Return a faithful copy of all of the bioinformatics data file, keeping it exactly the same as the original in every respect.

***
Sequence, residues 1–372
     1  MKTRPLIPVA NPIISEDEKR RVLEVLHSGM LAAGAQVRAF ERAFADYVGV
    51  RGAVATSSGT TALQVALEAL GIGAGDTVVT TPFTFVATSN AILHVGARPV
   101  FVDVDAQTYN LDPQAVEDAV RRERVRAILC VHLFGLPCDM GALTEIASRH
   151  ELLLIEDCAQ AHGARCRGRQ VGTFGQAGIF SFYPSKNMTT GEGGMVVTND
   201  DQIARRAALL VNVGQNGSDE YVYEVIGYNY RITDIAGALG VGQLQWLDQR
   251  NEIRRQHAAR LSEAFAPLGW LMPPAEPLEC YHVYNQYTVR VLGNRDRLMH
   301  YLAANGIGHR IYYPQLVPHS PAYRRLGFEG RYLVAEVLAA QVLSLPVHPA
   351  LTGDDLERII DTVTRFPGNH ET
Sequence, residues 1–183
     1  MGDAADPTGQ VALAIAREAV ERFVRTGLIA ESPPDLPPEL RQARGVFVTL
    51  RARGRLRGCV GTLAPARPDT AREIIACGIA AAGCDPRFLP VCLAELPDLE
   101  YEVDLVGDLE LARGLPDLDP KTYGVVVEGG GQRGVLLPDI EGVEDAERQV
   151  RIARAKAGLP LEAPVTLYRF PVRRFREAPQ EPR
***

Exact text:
Sequence, residues 1–372
     1  MKTRPLIPVA NPIISEDEKR RVLEVLHSGM LAAGAQVRAF ERAFADYVGV
    51  RGAVATSSGT TALQVALEAL GIGAGDTVVT TPFTFVATSN AILHVGARPV
   101  FVDVDAQTYN LDPQAVEDAV RRERVRAILC VHLFGLPCDM GALTEIASRH
   151  ELLLIEDCAQ AHGARCRGRQ VGTFGQAGIF SFYPSKNMTT GEGGMVVTND
   201  DQIARRAALL VNVGQNGSDE YVYEVIGYNY RITDIAGALG VGQLQWLDQR
   251  NEIRRQHAAR LSEAFAPLGW LMPPAEPLEC YHVYNQYTVR VLGNRDRLMH
   301  YLAANGIGHR IYYPQLVPHS PAYRRLGFEG RYLVAEVLAA QVLSLPVHPA
   351  LTGDDLERII DTVTRFPGNH ET
Sequence, residues 1–183
     1  MGDAADPTGQ VALAIAREAV ERFVRTGLIA ESPPDLPPEL RQARGVFVTL
    51  RARGRLRGCV GTLAPARPDT AREIIACGIA AAGCDPRFLP VCLAELPDLE
   101  YEVDLVGDLE LARGLPDLDP KTYGVVVEGG GQRGVLLPDI EGVEDAERQV
   151  RIARAKAGLP LEAPVTLYRF PVRRFREAPQ EPR